Rick Scavetta is a biologist, workshop trainer, freelance data scientist and cofounder of Science Craft, a company dedicated to helping scientists better understand and visualize their data. Rick's practical, hands-on exposure to a wide variety of datasets has informed him of the many problems scientists face when trying to visualize their data.
This ggplot2 tutorial builds on your knowledge from the first course to produce meaningful explanatory plots. We'll explore the last four optional layers. Statistics will be calculated on the fly and we’ll see how Coordinates and Facets aid in communication. Publication quality plots will be produced directly in R using the Themes layer. We’ll also discuss details on data visualization best practices with ggplot2 to help make sure you have a sound understanding of what works and why. By the end of the course, you’ll have all the tools needed to make a custom plotting function to explore a large data set, combining statistics and excellent visuals.
In this chapter, we’ll delve into how to use R ggplot2 as a tool for graphical data analysis, progressing from just plotting data to applying a variety of statistical methods. This includes a variety of linear models, descriptive and inferential statistics (mean, standard deviation and confidence intervals) and custom functions.
The Coordinates and Facets layers offer specific and very useful tools for efficiently and accurately communicating data. In this chapter we’ll look at the various ways of effectively using these two layers.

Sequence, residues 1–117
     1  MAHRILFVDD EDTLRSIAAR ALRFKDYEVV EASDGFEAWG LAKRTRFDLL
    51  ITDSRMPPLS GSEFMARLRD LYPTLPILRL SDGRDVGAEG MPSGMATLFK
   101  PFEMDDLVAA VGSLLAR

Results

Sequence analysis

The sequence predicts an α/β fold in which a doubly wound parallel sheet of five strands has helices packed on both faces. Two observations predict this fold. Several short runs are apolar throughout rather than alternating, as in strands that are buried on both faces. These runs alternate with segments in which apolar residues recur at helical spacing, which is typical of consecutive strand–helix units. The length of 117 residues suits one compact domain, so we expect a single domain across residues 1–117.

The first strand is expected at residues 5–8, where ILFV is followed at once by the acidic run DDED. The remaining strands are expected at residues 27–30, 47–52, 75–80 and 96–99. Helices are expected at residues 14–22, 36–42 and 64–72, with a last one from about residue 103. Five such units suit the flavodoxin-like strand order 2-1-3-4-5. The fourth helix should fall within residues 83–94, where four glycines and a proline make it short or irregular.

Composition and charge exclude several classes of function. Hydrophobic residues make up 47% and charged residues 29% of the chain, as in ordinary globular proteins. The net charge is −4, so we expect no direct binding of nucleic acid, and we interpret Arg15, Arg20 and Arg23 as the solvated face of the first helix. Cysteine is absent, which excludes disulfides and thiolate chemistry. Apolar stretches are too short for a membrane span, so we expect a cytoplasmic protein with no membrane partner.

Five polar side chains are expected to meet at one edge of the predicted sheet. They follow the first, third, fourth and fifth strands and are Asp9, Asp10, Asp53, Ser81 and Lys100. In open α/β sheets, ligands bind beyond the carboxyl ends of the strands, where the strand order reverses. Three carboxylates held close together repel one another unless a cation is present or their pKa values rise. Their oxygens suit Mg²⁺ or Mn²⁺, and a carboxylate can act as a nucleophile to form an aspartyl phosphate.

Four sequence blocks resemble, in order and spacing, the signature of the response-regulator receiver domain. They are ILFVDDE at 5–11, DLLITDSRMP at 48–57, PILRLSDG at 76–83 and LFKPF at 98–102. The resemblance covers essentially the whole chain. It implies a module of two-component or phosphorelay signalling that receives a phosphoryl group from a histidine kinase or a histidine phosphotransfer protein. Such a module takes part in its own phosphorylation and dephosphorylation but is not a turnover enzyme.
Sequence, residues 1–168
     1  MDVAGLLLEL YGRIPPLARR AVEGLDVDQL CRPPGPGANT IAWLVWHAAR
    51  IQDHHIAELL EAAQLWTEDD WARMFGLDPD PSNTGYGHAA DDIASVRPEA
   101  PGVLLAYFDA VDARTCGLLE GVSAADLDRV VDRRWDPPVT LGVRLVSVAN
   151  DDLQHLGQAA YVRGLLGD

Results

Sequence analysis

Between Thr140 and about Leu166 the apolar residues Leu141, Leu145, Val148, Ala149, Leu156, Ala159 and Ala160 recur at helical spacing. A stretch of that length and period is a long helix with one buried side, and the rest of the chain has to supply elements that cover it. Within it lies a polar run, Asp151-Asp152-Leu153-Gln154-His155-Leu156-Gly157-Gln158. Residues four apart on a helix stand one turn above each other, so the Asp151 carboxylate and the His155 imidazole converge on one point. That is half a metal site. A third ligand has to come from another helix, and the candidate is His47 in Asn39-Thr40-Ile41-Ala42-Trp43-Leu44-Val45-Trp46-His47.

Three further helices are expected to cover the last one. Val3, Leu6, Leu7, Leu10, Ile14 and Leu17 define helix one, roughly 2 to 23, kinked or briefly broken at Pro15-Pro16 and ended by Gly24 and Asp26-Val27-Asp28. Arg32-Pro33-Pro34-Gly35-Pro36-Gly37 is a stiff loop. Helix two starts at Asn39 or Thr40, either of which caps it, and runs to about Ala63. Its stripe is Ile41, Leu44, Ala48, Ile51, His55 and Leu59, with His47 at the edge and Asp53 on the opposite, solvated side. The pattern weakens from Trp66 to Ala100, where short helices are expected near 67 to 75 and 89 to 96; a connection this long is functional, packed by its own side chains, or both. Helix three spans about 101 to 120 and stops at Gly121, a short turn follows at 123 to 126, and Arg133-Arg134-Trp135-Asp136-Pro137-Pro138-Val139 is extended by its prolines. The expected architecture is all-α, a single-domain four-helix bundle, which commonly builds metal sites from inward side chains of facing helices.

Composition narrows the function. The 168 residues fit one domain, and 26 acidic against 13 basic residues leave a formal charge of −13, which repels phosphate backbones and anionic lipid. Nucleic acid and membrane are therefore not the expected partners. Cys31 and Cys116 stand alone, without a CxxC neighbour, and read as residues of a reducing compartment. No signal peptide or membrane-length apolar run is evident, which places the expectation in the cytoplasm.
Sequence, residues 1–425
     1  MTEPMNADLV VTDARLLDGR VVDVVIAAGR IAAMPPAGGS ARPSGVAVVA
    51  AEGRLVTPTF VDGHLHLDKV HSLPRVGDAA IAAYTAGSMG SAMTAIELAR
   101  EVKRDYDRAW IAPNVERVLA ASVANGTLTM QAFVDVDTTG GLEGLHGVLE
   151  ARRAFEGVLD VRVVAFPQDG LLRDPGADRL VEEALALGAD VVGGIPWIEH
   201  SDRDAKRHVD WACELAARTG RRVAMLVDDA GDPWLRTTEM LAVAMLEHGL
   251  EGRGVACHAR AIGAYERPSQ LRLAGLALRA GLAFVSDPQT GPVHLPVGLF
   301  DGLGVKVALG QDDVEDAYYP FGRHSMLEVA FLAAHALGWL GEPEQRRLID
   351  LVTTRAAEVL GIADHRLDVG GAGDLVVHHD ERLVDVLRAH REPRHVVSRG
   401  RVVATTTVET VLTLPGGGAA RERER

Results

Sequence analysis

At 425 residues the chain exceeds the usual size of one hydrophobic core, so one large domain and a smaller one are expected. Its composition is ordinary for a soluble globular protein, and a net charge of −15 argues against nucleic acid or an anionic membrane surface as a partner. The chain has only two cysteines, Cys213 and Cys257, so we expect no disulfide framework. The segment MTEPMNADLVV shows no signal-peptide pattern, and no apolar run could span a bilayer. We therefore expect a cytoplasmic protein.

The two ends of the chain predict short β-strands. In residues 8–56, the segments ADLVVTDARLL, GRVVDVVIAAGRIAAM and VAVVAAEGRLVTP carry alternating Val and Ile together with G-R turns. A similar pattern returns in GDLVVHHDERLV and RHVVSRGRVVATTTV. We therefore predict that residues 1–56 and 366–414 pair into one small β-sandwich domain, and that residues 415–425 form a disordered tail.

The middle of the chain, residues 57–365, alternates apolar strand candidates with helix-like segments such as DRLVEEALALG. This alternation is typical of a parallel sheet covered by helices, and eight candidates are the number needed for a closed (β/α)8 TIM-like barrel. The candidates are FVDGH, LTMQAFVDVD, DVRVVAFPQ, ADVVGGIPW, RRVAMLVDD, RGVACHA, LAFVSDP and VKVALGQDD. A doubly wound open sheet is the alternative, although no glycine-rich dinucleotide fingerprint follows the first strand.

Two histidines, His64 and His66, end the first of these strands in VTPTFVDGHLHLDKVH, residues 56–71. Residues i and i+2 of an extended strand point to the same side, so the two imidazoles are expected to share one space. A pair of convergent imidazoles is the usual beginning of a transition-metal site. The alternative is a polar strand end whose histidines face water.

Now that you’ve built high-quality plots, it’s time to make them pretty. This is the last step in the data viz process. The Themes layer will enable you to make publication quality plots directly in R.
Once you have the technical skill to make great visualizations, it’s important that you make them as meaningful as possible. In this chapter we’ll go over three plot types that are mostly discouraged in the data viz community - heat maps, pie charts and dynamite plots. We’ll understand what the problems are with these plots and what the alternatives are.
In this case study, we’ll explore the large, publicly available California Health Interview Survey dataset from 2009. We’ll go step-by-step through the development of a new plotting method - a mosaic plot - combining statistics and flexible visuals. At the end, we’ll generalize our new plotting method to use on a variety of datasets we’ve seen throughout the first two courses.